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Experiences with ext3?

     
6:51 pm on May 3, 2003 (gmt 0)

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I've just converted my home machine's ext2 partitions to ext3. It's quite easy once the kernel support is on: tune2fs -j and edit /etc/fstab.

I've felt it a bit slow. P3 800, Seagate 40G at ata100. It may be just my imagination, though.

For other people who have attempted it: what has been their long term experience? Is it worth to keep the filesystem this way, or is better to revert it to ext2?

10:52 pm on May 3, 2003 (gmt 0)

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I use ext3 for all my servers now. The journaling capabilites I find make reliablility much higher. Not to mension if I have an unclean restart (though it really doesn't happen with linux) the server is backup much quicker.

daisho.

10:57 pm on May 3, 2003 (gmt 0)

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I've had nightmares with unclean restarts but I suspect that may be nothing to do with ext3.

Slow - YES, not hugely, and it could be my imagination also as I've not tested but, it certainly seems slower...

The one crash I had (not crash, unexpected power cut) was a pretty smooth recovery though....

Nick

1:46 am on May 4, 2003 (gmt 0)

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I've been doing some extensive research on Linux filesystems lately and have found that the data=writeback option is the quickest though least protective journalling option. The default data=ordered option is the default.

You probably already know this but I have a question for you.

Why did you choose ext3?

2:22 am on May 4, 2003 (gmt 0)

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journaling.
2:32 am on May 4, 2003 (gmt 0)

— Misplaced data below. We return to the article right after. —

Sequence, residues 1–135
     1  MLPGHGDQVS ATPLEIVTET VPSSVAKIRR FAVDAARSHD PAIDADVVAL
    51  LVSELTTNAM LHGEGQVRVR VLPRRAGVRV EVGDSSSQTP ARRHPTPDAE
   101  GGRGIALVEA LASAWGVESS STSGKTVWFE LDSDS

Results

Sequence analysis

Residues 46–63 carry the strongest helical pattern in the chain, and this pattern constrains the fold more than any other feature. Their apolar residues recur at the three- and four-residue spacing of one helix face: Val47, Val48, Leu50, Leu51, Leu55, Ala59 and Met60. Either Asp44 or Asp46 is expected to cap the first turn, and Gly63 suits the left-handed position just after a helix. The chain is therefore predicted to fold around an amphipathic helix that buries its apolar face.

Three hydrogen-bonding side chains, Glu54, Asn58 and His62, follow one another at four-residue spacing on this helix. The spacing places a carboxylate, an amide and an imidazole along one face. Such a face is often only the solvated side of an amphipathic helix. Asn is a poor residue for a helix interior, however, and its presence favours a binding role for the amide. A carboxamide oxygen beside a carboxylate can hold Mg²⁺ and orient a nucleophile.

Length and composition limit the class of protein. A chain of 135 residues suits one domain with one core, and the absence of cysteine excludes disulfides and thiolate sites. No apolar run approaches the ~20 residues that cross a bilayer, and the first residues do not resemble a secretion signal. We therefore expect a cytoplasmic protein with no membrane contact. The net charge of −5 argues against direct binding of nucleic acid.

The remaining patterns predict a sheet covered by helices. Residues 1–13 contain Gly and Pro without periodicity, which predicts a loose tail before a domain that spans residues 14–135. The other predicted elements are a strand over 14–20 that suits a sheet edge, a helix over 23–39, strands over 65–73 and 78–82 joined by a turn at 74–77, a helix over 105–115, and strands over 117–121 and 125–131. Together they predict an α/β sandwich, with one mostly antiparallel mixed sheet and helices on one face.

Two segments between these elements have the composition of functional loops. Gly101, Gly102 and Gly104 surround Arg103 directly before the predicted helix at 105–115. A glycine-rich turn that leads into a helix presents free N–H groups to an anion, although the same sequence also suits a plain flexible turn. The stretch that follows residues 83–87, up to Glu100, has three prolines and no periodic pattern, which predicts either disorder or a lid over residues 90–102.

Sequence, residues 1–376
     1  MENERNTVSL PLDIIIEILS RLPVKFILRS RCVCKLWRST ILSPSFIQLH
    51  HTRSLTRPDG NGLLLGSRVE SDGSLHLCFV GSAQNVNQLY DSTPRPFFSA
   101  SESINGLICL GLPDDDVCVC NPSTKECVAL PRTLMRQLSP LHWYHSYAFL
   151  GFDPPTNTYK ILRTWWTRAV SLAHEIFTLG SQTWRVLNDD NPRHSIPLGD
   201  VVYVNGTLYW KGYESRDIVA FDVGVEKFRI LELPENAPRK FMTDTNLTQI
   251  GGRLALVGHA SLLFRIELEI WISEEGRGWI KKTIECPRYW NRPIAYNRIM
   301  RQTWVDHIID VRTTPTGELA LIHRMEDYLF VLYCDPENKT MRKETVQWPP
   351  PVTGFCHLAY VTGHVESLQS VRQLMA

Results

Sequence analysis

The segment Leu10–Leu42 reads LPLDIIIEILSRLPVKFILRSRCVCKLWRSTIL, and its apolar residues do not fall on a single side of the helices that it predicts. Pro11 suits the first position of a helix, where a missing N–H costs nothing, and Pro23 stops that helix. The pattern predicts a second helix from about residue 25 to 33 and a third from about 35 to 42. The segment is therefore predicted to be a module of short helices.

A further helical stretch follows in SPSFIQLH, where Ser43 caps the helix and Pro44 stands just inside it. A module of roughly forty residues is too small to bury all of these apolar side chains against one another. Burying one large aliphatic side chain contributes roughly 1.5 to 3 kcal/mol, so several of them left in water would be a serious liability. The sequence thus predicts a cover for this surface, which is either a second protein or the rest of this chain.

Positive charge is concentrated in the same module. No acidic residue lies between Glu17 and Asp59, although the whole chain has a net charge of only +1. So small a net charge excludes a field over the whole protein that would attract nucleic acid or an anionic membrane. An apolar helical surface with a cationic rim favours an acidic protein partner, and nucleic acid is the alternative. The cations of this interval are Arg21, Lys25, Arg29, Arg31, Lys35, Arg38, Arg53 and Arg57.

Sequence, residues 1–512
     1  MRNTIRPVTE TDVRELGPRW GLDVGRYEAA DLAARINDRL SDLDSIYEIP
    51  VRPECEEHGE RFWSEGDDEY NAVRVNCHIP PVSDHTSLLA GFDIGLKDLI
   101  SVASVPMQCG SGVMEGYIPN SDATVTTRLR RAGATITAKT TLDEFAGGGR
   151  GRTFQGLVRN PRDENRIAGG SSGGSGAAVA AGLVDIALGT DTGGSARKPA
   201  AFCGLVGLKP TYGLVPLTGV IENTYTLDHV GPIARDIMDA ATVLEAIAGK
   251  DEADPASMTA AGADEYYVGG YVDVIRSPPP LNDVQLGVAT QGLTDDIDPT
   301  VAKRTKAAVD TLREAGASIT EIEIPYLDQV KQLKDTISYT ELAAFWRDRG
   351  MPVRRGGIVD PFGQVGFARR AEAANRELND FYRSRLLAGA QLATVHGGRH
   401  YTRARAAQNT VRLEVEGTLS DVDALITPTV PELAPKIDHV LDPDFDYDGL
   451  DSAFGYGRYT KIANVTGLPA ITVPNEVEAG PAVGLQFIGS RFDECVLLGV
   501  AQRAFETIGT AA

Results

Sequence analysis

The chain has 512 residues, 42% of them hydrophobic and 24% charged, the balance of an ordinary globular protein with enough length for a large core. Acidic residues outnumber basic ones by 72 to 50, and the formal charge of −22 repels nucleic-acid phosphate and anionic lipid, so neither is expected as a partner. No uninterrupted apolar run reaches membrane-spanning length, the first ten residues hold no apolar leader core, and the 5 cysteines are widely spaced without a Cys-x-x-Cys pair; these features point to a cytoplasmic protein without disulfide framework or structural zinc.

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Why not XFS or ReiserFS to name two?
4:04 am on May 4, 2003 (gmt 0)

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Why did you choose ext3?

Quicker startup time; even when I have not crashes often, frequent boots prompt for filesystem checks. I'm not going to disable them. And, as I already mentioned, my whole disk is 40G: they were becoming a bit unconfortable.

Why not XFS or ReiserFS

It took me less than five minutes :)

4:22 am on May 4, 2003 (gmt 0)

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Good reasoning.
2:31 pm on May 6, 2003 (gmt 0)

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I also use ext3 but that always seemed like the normal thing to do, I haven't considered anything else. Anybody have experience with other filesystems and could give us a summary of differences/advantages?
1:30 am on May 17, 2003 (gmt 0)

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moving from ext2 to ext3 was one of my best decision.
slow? no, I can't feel it and "hdparm -tT" won't show it to me.
well, ext3 probably may not be the best performance fs, but it's stable, and it's the easiest way converting from ext2 to journaling fs.

The article about several filesystems is very helpful:
[www-106.ibm.com...]

12:36 pm on May 18, 2003 (gmt 0)

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Well, of course "hdparm -tT" won't show anything; it measures the raw disk throughput ignoring filesystems :)

I've actually stayed with it. The extra load has shown on the daily updatedb thing, but it's not too bad, and on daily using and, I think, even compiling (just built kde 3.1.2) it's not too much.

1:57 am on May 23, 2003 (gmt 0)

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Dukula, you jinxed me. When this thread started, I'd been running ext3 for quite some time on my poor old server, and never had occasion to find out whether it actually improved recovery time when the system wasn't shut down right. Now I do.

On the bright side, it works quite well. Power dies, UPS turns out to be dead, server dies, power comes back, server comes back. Re-playing the journal and checking the file system took practically no time, and there were no errors. :)

/dingman wanders off to see how long APC's warantee coverage lasts